What I’m focusing on at the moment is building a daily drawing habit again. I’m trying to start slowly, because having experienced total and utter burnout in the aftermath of my darkest hour, I want to be extra careful. It’s difficult to explain burnout if you’ve never experienced it. Or maybe it isn’t that difficult. Basically I’ve loved art and drawing all my life, but after a long drawn-out battle with chronic illness and lethargy while simultaneously trying to keep up the habit of drawing every day, I started to positively despise it.

Strange that a hobby or passion can die down so completely. I felt completely lost, not knowing at all what to do with my life from now on, or whether the passion would ever return.

Well, apparently I needed a few months to regain my energy and allow my body to heal and my mind to rest.

Although dropping out of school was the most difficult decision I’ve ever made, it was also the best. I would not be where I am now if I hadn’t. I gave myself a chance to completely re-prioritize my life and to find love within. From that self love sprang the desire to share my triumphs and tribulations. Thus the Joy of Awareness.

I now once again feel the longing to communicate, the urge to express myself. In words and in pictures. I want freedom of expression for myself and for everybody else. I don’t know what the future holds for me, and in the first time in my life I don’t really want to know. All I do know is that whatever comes will be as beautiful and expansive as I allow it to be. And the more I develop my conscious awareness and skills of communication, the more easily I’ll be able to find the groove of any circumstance. Serendipity is an extension of expanded consciousness. I don’t believe in chance anymore.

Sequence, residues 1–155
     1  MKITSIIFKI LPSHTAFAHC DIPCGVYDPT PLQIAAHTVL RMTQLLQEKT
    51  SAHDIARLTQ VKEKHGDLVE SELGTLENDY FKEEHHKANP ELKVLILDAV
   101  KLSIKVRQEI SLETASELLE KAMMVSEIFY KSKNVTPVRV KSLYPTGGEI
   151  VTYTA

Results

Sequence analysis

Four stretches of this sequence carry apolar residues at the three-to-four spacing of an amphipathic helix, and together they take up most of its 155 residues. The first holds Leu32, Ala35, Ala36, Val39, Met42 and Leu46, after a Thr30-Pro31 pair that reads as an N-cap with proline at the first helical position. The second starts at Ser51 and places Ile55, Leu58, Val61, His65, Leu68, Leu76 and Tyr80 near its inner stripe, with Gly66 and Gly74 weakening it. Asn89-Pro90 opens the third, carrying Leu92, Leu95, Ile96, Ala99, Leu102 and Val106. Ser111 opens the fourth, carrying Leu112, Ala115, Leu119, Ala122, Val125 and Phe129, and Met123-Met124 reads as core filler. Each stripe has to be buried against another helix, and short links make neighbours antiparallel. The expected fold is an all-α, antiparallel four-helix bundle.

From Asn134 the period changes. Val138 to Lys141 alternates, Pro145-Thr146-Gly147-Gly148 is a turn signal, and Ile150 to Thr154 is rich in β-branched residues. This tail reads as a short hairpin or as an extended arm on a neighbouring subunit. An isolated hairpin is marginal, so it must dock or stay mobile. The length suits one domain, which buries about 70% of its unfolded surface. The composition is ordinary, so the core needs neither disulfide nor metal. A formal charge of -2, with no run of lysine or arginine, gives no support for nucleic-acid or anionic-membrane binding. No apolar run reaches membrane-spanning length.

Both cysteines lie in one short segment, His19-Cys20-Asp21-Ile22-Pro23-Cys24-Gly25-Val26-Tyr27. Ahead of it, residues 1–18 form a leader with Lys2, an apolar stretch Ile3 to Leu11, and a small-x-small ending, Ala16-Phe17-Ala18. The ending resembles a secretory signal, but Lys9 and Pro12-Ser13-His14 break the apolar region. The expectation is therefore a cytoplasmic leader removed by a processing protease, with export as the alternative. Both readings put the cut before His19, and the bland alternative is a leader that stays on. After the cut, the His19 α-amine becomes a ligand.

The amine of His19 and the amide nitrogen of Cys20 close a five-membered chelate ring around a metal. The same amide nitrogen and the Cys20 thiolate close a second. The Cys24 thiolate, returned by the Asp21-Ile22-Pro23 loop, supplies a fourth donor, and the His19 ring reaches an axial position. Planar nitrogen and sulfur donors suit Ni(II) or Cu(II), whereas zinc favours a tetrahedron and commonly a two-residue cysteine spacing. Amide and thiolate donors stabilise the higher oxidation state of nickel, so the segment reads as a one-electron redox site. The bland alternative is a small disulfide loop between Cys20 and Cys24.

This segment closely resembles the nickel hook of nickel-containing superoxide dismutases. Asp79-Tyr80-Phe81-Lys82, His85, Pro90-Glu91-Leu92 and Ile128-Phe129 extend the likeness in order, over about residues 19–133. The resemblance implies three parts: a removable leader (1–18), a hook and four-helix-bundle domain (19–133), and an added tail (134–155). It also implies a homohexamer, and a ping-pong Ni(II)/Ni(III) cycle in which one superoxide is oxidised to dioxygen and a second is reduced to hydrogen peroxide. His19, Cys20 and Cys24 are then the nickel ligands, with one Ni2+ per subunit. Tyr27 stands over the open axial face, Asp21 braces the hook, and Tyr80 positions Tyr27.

I want this website to be a reflection of myself in some ways. I want to write about anything and everything that intrigues me or plagues me. I want to try to help others with lessons I’ve learned the hard way, but I also want to clear my own mind, in a similar way to journaling I guess. A mirror to my soul.

I see it not as a project ever to be completed, but rather as a stream of conscious appraisal and insight. I hope that with time and effort I will be able to reach more and more people, while at the same time developing within myself the confidence, skill and love needed to make an impact even more. Our existence is a constant journey of discovery and learning.

Much love to you all, until next time.


Value and prosperity

I’m slowly gaining confidence in running Joy of Awareness, even though I have no idea where I’m going with this. That’s okay. I reckon that so long as I’m doing my best to create a stream of valuable insights from my own mind straight into your eyeballs, I’m doing all right.

Which brings me to the topic of this post : Value.

I’ve been pondering the concept of value for a few weeks. What is it and how can I get more of it? And who’s gonna clean up? Well, I guess I’ll cross that last bridge when I get to it, but my theory is that there’s a sort of current or stream of value that we need to learn to tap into. And the way to do that is to create and distribute value.

I’ve heard versions this theory in different contexts throughout my life, but I always kind of imagined that it was only important for valuable people. You know, the cool kids, the models, the artists, the entrepreneurs and the inventors. Which is to say, I had no idea of my own inherent value, not to mention my accumulated value.

Let me break down my thoughts here: My inherent value is my value in simply existing. Existence itself is my most valuable asset, and it won’t be taken away from me except through death, and even then it’s uncertain. My very existence is valuable to those who love me.

Realizing my inherent value was the first step for me to realize the concept of my accumulated value, by which I mean the value that I’ve forged and added onto myself through my own efforts, so to speak.

I’m referring to skills and knowledge, for the most part. The more skilled I become, the more knowledgeable about the subjects I’m interested in, the more I’ll be able to create value and exchange it via the glorious stream of value for even more value.